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Marketers must go big on data to compete on customer experience

Technology & Data

Marketers must go big on data to compete on customer experience


Australian marketers are failing to make the most of big data opportunities, writes Alec Gardner.

alec-gardnerAustralian organisations are not fully leveraging big data insights despite a growing understanding of the value of data analysis, according to the Teradata Data Analysis Index 2015. For marketers, this can mean missing opportunities to focus on differentiated customer-centric operations with personalised marketing campaigns and tailored offers to deliver a superior customer experience.

Teradata’s recent Data Analysis Index provides a snapshot of how Australian companies approach data collection, analysis and use. It reveals that organisations are using insights derived from data mostly to improve customer-facing elements of the business such as customer service issues and complaints.

Collect, analyse and integrate data for a holistic view of customer experience  

Customer experience should be approached as the sum of interactions a consumer has with a brand over the total course of their relationship. Gartner predicts that by next year, nine out of 10 companies hope to compete primarily on the quality of their customer experience. Analysing interactions is important as it can help organisations map customer behaviour and expectations to further improve their experience.

Organisations should collect and analyse data relating to customers online and offline, and integrate internal insights to gain holistic, accurate understandings of each customer’s needs. This lets marketers develop more effective personalised campaigns and targeted offers. For example, data analysis can make it clear to marketers which customers need a special offer or contact to be convinced to make the purchase. This is more cost-effective than extending the offer to customers who would already have made the purchase at the standard price. Teradata’s data driven marketing survey found that only 18% of marketers had a single view of customers and the Data Analysis Index shows the biggest obstacle to capturing data remains siloed data sets.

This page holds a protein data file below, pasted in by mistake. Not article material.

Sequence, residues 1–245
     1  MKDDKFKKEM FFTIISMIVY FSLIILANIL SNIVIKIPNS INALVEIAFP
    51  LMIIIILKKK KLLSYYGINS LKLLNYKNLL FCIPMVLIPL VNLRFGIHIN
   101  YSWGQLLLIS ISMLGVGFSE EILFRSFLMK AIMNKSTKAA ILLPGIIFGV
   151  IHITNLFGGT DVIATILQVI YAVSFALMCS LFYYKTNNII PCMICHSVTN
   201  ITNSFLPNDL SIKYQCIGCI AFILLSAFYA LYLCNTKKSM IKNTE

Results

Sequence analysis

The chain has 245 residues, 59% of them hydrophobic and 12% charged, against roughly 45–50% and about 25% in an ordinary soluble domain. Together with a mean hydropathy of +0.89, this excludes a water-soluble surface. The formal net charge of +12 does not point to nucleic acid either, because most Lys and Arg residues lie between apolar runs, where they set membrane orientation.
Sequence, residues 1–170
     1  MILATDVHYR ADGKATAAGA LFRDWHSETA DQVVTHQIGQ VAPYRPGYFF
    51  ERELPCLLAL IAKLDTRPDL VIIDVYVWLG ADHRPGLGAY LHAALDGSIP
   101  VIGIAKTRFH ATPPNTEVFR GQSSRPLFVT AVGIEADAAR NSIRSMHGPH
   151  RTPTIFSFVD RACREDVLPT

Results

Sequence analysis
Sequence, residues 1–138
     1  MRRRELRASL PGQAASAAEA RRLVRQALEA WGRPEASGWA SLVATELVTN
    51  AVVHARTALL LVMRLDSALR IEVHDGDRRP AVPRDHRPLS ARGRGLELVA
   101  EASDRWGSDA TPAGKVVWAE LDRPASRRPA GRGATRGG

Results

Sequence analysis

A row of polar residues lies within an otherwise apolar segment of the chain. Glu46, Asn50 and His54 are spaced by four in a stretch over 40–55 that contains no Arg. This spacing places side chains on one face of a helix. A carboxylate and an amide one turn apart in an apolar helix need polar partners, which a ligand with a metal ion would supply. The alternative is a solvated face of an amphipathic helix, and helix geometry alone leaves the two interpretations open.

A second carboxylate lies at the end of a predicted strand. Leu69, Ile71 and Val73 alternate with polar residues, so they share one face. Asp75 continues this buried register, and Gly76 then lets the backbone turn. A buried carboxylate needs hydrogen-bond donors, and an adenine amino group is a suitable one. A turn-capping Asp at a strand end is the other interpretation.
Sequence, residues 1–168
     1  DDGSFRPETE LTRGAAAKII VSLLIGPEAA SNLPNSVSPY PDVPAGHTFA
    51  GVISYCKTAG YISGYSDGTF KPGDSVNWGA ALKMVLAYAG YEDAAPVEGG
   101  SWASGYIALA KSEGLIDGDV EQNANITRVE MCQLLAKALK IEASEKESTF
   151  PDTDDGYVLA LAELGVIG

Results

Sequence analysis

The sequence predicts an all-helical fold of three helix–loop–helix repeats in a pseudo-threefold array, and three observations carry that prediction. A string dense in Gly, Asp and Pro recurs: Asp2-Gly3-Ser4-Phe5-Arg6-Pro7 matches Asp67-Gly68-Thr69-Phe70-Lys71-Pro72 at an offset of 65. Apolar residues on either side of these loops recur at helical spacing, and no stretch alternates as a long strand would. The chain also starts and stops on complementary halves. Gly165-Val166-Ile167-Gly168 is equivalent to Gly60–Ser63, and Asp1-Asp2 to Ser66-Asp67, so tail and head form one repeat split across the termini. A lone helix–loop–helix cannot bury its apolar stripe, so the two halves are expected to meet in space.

Use data insights to improve efficiencies

Improving the customer experience is only part of the potential big data offers. Marketers should also turn to data to find ways to cut unnecessary costs and processes, giving them more budget for initiatives. Insights gained from data analysis can also help change or improve marketing campaigns and offers.

Encouragingly, spending on data and information management solutions looks set to increase in the near-term. The funds spent on implementing or upgrading data and information management solutions are likely to yield a valuable return, with more than half of the organisations surveyed considering creating new products or services based on the data they gather.

Boost strategy with improved reliability of data

Marketers must take advantage of their organisations’ increasing focus on data management and make big data analysis an integral part of their day-to-day practice. The resulting insights are more likely to be statistically valid because the results are not based on the solicited input of a few people, but rather the actual behaviours and history of many people. By using these insights to develop the most targeted, personalised campaigns possible, organisations can sharpen their competitive edge and gain additional market share.

Furthermore, marketers need to take greater ownership of the data spend to become data driven. Despite many predictions to the contrary, the CMO or marketing team was found to own the budget for data analytics projects in just 8% of the organisations surveyed. As almost half of the organisations surveyed said they are not using insights to improve customer loyalty and to optimise the mix of marketing initiatives, a greater involvement of the marketing team in data analytics project budgets could help to address this shortfall.

The wrap

In an age of personalised customer engagement, marketing teams can no longer rely on a one-size-fits-all approach. Instead, they must become data driven, compete on customer experience and leverage the abundant data available to develop increasingly personalised campaigns that are more likely to deliver strong results.


Alec Gardner is general manager, advanced analytics, ANZ at Teradata.


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